Classroom and workplace responsibilities can build off one another, and learning the importance of completing a task on time can never be emphasized enough. Taking problems and questions to co-workers or managers is another reinforcement of responsibility on the road to adulthood and full-time employment. Your son, daughter or grandchild will learn responsibility from someone besides you when they get a summer job, and this makes a big difference once they’re trying to figure out how to find an internship to kickstart their careers later on.
Summer jobs offer young adults the opportunity to learn respect for roles they may have never thought about before. For many teens, work done in the background doesn’t really exist until they themselves have to do it. Have they ever wondered what it takes to open and run a swimming pool? A restaurant? A clothing store? A service job gives your child a fresh understanding of the effort involved in helping others.
Learning more about the different tasks in various industries gives children an appreciation for different paths of employment. It really opens their eyes. To work a food service job as a teenager is to learn a life-long respect for the waiter who manages to handle a dozen tables on a Friday night.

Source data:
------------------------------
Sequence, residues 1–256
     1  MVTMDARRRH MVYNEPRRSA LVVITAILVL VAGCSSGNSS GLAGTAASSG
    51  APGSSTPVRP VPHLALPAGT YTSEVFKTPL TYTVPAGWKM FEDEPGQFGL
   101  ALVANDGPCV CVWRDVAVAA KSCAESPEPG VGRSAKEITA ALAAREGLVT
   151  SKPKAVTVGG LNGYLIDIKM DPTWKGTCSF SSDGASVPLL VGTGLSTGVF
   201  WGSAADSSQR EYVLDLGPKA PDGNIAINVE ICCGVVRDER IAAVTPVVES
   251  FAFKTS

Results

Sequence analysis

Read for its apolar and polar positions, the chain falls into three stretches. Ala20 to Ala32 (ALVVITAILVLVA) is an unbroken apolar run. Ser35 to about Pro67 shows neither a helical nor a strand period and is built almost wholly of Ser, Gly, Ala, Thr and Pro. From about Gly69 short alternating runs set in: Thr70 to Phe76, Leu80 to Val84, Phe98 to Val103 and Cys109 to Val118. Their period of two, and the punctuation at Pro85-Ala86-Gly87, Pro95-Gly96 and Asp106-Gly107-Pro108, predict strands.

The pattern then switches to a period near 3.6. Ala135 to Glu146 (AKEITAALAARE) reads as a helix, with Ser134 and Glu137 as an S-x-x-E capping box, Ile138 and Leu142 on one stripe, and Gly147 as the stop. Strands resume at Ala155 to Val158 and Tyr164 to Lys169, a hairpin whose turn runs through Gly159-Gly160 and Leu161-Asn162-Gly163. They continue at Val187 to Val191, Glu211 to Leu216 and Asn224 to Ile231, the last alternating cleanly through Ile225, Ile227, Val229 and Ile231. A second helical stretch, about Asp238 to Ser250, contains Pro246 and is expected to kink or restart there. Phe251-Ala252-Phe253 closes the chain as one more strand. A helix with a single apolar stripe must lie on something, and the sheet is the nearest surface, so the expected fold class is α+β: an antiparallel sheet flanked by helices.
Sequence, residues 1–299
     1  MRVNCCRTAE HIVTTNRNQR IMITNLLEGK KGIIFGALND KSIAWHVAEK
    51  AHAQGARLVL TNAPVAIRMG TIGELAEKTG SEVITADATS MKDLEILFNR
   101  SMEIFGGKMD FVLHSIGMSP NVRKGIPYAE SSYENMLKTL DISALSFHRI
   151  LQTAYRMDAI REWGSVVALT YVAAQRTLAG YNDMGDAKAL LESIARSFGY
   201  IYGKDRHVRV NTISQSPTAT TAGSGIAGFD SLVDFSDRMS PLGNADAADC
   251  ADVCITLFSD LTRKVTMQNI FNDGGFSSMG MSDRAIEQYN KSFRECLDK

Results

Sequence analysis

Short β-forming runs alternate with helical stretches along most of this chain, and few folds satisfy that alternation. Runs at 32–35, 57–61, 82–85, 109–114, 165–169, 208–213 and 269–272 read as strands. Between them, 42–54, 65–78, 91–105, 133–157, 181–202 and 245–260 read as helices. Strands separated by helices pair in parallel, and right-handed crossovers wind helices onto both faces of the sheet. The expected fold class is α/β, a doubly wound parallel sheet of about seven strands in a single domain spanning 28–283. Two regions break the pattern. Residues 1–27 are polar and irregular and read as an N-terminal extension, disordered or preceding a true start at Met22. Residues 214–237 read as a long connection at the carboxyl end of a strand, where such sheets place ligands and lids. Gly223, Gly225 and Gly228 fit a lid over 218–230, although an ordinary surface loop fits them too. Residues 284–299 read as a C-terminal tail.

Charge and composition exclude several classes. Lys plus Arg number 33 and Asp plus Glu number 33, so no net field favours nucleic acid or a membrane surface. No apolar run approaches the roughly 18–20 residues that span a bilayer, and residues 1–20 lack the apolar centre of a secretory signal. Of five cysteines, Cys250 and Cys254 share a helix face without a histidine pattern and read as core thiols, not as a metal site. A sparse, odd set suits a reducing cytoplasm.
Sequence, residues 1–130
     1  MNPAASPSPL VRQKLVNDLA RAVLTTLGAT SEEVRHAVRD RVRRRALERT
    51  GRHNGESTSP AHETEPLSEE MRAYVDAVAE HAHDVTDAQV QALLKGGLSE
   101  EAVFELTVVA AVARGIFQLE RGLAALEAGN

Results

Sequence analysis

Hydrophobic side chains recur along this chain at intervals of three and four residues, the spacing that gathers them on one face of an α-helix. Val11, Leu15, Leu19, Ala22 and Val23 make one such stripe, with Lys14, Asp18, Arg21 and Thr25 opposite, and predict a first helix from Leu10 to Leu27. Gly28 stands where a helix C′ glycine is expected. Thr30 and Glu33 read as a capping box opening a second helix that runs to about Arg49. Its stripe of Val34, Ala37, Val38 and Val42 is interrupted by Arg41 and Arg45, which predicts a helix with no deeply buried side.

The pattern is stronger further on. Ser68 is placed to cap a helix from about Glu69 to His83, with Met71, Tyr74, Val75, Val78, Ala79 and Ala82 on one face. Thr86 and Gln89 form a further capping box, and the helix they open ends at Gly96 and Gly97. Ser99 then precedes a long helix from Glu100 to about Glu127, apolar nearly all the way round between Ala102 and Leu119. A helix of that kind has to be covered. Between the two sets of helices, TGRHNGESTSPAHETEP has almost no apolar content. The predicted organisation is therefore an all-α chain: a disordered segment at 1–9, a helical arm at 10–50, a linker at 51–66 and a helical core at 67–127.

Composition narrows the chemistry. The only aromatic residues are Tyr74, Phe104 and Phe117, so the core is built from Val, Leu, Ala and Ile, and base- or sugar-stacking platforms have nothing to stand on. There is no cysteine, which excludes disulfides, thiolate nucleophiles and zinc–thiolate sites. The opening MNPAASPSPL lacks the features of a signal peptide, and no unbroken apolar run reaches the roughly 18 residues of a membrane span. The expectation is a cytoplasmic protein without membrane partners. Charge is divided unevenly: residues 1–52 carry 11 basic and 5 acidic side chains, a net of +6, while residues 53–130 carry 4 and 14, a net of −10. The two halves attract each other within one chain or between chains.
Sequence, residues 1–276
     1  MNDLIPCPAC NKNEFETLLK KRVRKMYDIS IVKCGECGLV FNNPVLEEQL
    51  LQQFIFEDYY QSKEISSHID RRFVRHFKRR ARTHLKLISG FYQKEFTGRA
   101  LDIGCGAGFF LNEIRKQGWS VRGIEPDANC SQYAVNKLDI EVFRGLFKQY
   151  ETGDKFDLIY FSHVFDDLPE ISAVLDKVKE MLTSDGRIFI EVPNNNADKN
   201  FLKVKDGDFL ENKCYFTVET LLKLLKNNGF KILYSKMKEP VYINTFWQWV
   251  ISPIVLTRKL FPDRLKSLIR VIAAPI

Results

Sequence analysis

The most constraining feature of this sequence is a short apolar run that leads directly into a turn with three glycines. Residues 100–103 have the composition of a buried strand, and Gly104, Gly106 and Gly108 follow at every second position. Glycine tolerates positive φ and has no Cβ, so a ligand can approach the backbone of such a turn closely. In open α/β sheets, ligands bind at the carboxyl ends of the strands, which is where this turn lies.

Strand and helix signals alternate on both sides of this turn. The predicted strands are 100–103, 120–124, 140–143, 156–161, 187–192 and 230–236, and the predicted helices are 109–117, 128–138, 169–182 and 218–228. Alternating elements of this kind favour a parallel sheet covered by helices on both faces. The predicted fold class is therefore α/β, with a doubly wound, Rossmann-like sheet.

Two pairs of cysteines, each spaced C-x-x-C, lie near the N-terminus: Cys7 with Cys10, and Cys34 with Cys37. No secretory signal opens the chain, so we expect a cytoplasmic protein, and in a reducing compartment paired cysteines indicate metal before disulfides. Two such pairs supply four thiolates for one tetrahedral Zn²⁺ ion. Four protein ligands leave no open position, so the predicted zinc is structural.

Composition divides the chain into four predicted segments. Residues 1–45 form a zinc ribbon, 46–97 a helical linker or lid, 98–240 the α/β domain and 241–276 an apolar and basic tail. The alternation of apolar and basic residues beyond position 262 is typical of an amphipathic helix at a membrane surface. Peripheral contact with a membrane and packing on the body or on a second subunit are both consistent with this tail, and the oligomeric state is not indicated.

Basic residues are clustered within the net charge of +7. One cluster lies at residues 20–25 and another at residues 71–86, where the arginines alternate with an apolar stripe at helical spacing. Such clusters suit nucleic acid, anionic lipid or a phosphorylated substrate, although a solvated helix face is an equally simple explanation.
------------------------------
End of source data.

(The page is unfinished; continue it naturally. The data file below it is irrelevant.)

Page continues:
A bonus? After sweating through a few summer jobs, teens may learn to respect your long hours and hard work once they’ve had a tough day dealing with customers while standing on their feet.
Everyone loves spending money, and who loves spending money more than kids enjoying summer? Isn’t that why the trees bloom in the spring, to sprout money for summer?
A summer job is a good source of revenue for teens. Sure, they probably will not amass piles of cash when they secure temporary employment, but they will make a lot more than if they do NOT get a job. However, part-time jobs for teens are not just about children earning money. A summer job affords you, the parent, the opportunity to teach your kids the value of a dollar, financial responsibility, and how to start saving and managing money. They really do need this guidance; they won’t ultimately appreciate you letting them spend all their money from their paychecks as they wish. Yes, they earned it, but as long as they’re under your roof, you get some say in how it is spent.